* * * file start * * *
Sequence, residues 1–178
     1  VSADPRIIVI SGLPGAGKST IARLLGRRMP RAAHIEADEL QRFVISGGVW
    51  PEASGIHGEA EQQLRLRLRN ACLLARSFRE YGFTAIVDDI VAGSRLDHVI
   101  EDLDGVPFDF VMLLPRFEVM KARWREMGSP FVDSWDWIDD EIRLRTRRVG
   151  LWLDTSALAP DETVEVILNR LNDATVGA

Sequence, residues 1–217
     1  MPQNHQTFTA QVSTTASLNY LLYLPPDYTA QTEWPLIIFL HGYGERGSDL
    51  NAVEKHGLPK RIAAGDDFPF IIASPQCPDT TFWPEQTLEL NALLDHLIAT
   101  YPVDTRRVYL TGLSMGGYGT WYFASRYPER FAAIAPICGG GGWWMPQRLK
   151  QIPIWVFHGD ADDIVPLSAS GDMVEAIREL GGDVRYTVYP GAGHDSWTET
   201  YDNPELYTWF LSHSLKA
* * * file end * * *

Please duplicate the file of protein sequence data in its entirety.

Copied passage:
Sequence, residues 1–178
     1  VSADPRIIVI SGLPGAGKST IARLLGRRMP RAAHIEADEL QRFVISGGVW
    51  PEASGIHGEA EQQLRLRLRN ACLLARSFRE YGFTAIVDDI VAGSRLDHVI
   101  EDLDGVPFDF VMLLPRFEVM KARWREMGSP FVDSWDWIDD EIRLRTRRVG
   151  LWLDTSALAP DETVEVILNR LNDATVGA

Sequence, residues 1–217
     1  MPQNHQTFTA QVSTTASLNY LLYLPPDYTA QTEWPLIIFL HGYGERGSDL
    51  NAVEKHGLPK RIAAGDDFPF IIASPQCPDT TFWPEQTLEL NALLDHLIAT
   101  YPVDTRRVYL TGLSMGGYGT WYFASRYPER FAAIAPICGG GGWWMPQRLK
   151  QIPIWVFHGD ADDIVPLSAS GDMVEAIREL GGDVRYTVYP GAGHDSWTET
   201  YDNPELYTWF LSHSLKA